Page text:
If you want to identify me, ask me not where I live, or what I like to eat, or how I comb my hair, but ask me what I think I am living for, in detail, and ask me what I think is keeping me from living fully the thing I want to live for. Between these two answers you can determine the identity of any person. Thomas Merton
That quote showed up this week in my Inbox from Terry Hershey in his weekly Sabbath Moment post. Thank you, Terry!
As I read it again, I wonder, “How would I answer those questions for myself?”
What am I living for – in detail?
What is keeping me from living fully the thing I want to live for?
As we begin a new year, I have three requests of you: Continue reading “What are you living for?”
The holidays are, for many, a difficult time of added activity and expectations, an increased amount of family and friend time – or loneliness and sadness if you don’t have connections with others.
If you find the holidays challenging or stressful, read on.
If you find them wonderful, read on! You are probably the light, joy, safe space and energy needed by those around you.
The song, “The Grand Design” by Greg Tamblyn is a beautiful message about our inter-connectedness as human beings. Continue reading “Family, Friends and the Holidays”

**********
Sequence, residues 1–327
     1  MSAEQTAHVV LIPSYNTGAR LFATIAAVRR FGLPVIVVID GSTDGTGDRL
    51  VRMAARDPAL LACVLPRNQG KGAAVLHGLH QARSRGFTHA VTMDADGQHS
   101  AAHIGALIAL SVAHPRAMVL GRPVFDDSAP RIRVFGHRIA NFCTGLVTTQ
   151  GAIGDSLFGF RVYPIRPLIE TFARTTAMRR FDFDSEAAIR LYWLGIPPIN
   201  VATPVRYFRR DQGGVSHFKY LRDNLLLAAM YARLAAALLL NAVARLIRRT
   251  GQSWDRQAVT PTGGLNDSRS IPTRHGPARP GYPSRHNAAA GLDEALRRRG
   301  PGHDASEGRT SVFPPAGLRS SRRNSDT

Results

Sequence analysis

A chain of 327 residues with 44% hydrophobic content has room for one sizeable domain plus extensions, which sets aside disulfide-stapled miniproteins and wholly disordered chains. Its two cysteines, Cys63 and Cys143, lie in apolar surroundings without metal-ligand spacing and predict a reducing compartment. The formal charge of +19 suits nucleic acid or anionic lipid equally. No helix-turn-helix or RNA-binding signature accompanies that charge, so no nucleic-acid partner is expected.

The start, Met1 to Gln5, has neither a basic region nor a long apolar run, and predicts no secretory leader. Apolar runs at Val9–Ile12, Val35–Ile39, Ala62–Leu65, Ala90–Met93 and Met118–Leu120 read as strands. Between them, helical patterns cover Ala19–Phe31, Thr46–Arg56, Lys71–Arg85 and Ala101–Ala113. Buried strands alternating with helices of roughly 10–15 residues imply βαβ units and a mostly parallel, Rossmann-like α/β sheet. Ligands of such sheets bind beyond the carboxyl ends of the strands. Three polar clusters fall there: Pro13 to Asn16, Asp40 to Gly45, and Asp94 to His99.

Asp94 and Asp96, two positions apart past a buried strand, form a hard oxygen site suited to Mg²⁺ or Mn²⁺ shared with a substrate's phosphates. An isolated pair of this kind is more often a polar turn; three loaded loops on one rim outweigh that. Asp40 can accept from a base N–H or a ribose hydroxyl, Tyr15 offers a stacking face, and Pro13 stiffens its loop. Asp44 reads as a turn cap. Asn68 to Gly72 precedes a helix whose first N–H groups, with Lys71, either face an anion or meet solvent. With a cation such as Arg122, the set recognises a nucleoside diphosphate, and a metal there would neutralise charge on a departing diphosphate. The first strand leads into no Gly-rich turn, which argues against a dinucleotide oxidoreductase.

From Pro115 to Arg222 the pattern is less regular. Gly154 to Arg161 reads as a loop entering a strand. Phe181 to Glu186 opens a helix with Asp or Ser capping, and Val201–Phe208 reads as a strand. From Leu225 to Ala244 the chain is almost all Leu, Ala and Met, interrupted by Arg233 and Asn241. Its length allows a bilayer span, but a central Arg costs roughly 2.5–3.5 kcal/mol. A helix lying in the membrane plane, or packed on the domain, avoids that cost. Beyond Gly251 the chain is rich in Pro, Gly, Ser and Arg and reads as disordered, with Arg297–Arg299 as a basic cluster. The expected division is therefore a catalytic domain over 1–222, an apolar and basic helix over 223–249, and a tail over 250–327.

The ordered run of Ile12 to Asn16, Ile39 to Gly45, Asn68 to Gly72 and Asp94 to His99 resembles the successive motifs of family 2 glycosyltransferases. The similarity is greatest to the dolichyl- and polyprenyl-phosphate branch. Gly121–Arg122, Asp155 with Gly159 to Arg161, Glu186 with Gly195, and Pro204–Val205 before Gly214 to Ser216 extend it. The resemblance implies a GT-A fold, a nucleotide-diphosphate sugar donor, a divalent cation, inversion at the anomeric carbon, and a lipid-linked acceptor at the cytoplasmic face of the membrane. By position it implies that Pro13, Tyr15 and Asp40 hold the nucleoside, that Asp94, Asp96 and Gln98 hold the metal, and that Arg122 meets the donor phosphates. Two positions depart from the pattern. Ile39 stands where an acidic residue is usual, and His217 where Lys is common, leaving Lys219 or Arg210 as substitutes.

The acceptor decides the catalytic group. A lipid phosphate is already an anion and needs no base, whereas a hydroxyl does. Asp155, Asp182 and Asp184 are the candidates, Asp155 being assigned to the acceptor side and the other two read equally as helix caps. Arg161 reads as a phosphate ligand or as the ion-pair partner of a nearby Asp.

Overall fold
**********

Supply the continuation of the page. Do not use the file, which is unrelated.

All loss is gain. Since I have become so near-sighted I see no dust or squalor, and therefore conceive of myself as living in splendor. ~Alice James, American diarist
Though I am still confused between near and farsightedness, I SO get that quote! My vision up close is horrible! I can’t read a word that is smaller than 20 point type.
Even as my vision has me living in (dirty) splendor, I must admit that I am often disgusted when I see with glasses on. Yet:
How would a case of nearsightedness work in a relationship?
Continue reading “Does your vision need UNcorrecting?”
I heard this many times over the years from my husband as director of a non-profit:
It’s all about relationship!
And his aim was always to put listening, trust building, connecting — relationship — first. Relationship — before discussing treatment plans, performance issues, stuff that needed to be done.
Last week at the Fox Valley Literacy Council celebration of achievement gala, I heard it again. Continue reading “It’s all about relationship!”
I’ve done more harm by the falseness of trying to please than by the honesty of trying to hurt. ~ Jessamyn West, writer
This quotation hit me today as I was about to journal. It seems to speak to the codependency so many suffer from. This “trying to please” isn’t about doing something kind; rather, it is about changing “me” so as not to displease “you”. Jessamyn suggests that this form of hurting others is far more pervasive than intending to cause harm “honestly”. For example: Continue reading “Where are you a people-pleaser?”